My Interview with Steven Rinella

STEVEN RINELLA: THE FATHER WITHIN

Steven Rinella: The Father Within

Steven Rinella knows how to apologize. My phone dings in my pocket. It’s the ding of an e-mail. They don’t normally come this late, 9:30 on a Wednesday night. It’s out of place, incongruous. I check it and there it is, an e-mail from Rinella. It’s a good apology. To the point. A little self-effacing. He apologizes for missing our interview. He doesn’t make excuses. He just missed it. He recommends another time, offers to call me when it’s good for me. Only here’s the thing – we never actually firmed up a time to talk. He’s apologizing for missing an interview I had recommended, but he had not confirmed.

On his TV show, The Wild Within on Travel Channel, Rinella extols the virtues of the hunter-gatherer lifestyle. He is carnivore incarnate, a sort of wandering philosopher, armed to the teeth and in search of meat to fill the chest freezer he keeps in the Brooklyn brownstone he shares with his wife and son. Through eight episodes in its premier season, the show follows Rinella around the world in search of wild protein. He scoffs when you compare The Wild Within to other television survival shows, looks down on them in a way. He calls them pre-produced obstacle courses engineered weeks in advance for an athletic host in the name of confronting big bad Mother Nature. He can’t understand the things those other guys do; things no self-respecting outdoorsman would ever try. He also can’t seem to understand why the wild is painted as an evil villain. For a kid born and raised in Western Michigan, Rinella has never thought of being in the woods, on a mountain, in the jungle or anywhere else in the outdoors as being something so horrific as to merit escape.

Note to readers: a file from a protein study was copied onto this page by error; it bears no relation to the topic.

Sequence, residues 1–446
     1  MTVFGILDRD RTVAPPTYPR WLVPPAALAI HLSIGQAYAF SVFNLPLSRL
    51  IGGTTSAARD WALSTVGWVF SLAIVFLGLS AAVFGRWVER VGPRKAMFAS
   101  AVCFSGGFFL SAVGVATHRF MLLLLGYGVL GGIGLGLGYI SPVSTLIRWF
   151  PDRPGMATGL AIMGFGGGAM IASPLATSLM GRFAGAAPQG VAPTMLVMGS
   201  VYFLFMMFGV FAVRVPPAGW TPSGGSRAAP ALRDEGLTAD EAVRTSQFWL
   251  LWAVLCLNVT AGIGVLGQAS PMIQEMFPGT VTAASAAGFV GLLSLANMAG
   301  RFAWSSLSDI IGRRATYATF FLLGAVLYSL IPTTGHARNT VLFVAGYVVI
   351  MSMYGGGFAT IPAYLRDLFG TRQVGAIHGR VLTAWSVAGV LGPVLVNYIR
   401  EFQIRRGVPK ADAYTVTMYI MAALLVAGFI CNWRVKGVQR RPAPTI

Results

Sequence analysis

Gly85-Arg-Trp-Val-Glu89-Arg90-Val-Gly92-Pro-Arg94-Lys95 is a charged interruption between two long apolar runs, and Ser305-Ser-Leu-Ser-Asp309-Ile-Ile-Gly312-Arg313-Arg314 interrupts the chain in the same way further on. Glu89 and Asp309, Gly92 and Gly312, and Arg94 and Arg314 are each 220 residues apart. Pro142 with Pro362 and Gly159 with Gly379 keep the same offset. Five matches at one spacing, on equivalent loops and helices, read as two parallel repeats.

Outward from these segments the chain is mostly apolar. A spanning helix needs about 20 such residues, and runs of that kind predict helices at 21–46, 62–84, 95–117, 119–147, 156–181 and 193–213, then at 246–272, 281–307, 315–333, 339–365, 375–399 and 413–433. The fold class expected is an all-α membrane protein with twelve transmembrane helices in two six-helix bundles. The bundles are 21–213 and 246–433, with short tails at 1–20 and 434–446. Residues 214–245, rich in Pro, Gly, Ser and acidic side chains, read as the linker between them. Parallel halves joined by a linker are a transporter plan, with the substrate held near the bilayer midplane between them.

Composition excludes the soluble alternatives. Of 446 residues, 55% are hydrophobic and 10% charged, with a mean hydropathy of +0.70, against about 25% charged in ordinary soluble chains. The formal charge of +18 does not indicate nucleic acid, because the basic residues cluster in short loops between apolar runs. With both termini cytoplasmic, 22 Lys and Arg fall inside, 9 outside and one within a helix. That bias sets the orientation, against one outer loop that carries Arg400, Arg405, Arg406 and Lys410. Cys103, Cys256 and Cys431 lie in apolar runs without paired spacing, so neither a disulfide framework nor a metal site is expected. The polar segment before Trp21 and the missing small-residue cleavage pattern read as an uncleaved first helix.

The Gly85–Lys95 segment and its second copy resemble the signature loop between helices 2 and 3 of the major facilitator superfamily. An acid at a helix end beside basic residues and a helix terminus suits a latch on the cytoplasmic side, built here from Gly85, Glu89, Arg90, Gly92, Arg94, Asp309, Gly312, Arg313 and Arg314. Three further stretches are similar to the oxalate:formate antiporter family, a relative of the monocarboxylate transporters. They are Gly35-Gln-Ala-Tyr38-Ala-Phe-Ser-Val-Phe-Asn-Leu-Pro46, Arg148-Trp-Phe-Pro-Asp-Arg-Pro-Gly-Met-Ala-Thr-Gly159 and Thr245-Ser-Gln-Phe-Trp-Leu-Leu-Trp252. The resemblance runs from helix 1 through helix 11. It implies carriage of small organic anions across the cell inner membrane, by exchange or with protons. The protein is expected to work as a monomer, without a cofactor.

So, if The Wild Within isn’t a survival show, what is it? In the promos that ran incessantly on Travel leading up to the show’s premier, Rinella likens it to a throwback to a time when a man was only as good as the food he could provide, when hunting and survival were matters of every day living. The implication is that other shows – hunting, survival or otherwise – make being outside something to be feared, hunting for food akin to that scene in Indiana Jones and Temple of Doom when the girl was presented with monkey brain and snake embryos for dinner. Shock value. Strange, foreign and other worldly. Rinella doesn’t see it that way. MORE

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